The Shuswap Indian Band near Invermere will receive a $40,000 grant as part of the First Nations Clean Energy Business Fund (FNCEBF).
The FNCEBF was announced as part of the Clean Energy Act of 2010, and provides opportunities for First Nations’ participation in the clean energy and clean technology sectors.
Funded initially by a government contribution of $5 million, over time the fund is expected to receive additional revenue from new eligible power projects based on a percentage of land and water rentals, according to the Ministry of Aboriginal Relations and Reconciliation.
The $40,000 is expected to be used to perform technical and financial reviews and summaries to assess the Beaver River Hydro Complex project (which is part of the Columbia Valley Transmission Project), and “assess the opportunity of developing a joint venture leading to the design, construction and operation of a project in partnership with the current project proponent.”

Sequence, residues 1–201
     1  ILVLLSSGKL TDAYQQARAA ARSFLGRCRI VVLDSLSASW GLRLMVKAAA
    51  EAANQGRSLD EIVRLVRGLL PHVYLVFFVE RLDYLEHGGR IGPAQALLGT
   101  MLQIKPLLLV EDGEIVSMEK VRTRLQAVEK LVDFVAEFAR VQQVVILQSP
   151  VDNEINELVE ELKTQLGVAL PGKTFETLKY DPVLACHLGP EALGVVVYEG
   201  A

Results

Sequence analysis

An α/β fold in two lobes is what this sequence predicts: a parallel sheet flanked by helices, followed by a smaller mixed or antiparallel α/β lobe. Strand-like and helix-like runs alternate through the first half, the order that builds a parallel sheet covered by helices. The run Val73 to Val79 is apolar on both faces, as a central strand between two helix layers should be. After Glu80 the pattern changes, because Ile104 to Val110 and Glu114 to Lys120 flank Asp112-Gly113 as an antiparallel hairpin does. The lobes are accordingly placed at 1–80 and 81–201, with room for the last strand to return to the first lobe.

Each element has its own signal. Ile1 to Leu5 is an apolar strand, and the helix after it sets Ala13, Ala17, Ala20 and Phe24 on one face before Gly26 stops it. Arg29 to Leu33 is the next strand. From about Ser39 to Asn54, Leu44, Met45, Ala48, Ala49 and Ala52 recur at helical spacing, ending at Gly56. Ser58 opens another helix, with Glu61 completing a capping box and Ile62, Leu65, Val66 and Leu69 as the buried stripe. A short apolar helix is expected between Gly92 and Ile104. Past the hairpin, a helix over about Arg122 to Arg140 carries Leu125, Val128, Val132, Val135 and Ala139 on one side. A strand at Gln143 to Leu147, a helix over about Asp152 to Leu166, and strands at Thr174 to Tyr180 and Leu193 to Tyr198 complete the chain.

As part of the FNCEBF, 13 other Aboriginal communities will also be receiving grants of either $30,000 or $40,000 to help the communities in question study how they currently use energy at look at possible energy alternatives for the future.
Communities are required to submit a proposal to the Ministry of Aboriginal Relations and Reconciliation, and proposals are judged on a case-by-case basis.
“I’m very happy to see so many new applicants coming forward with projects,” Minister of Aboriginal Relations and Reconciliation Mary Polak said in a release.
“Regardless of their size, this funding provides real opportunities for First Nations to pursue their alternative energy plans bringing real economic and social benefits to their communities.”
For more information on the FNCEBF, visit www.gov.bc.ca/arr/economic/fncebf.html.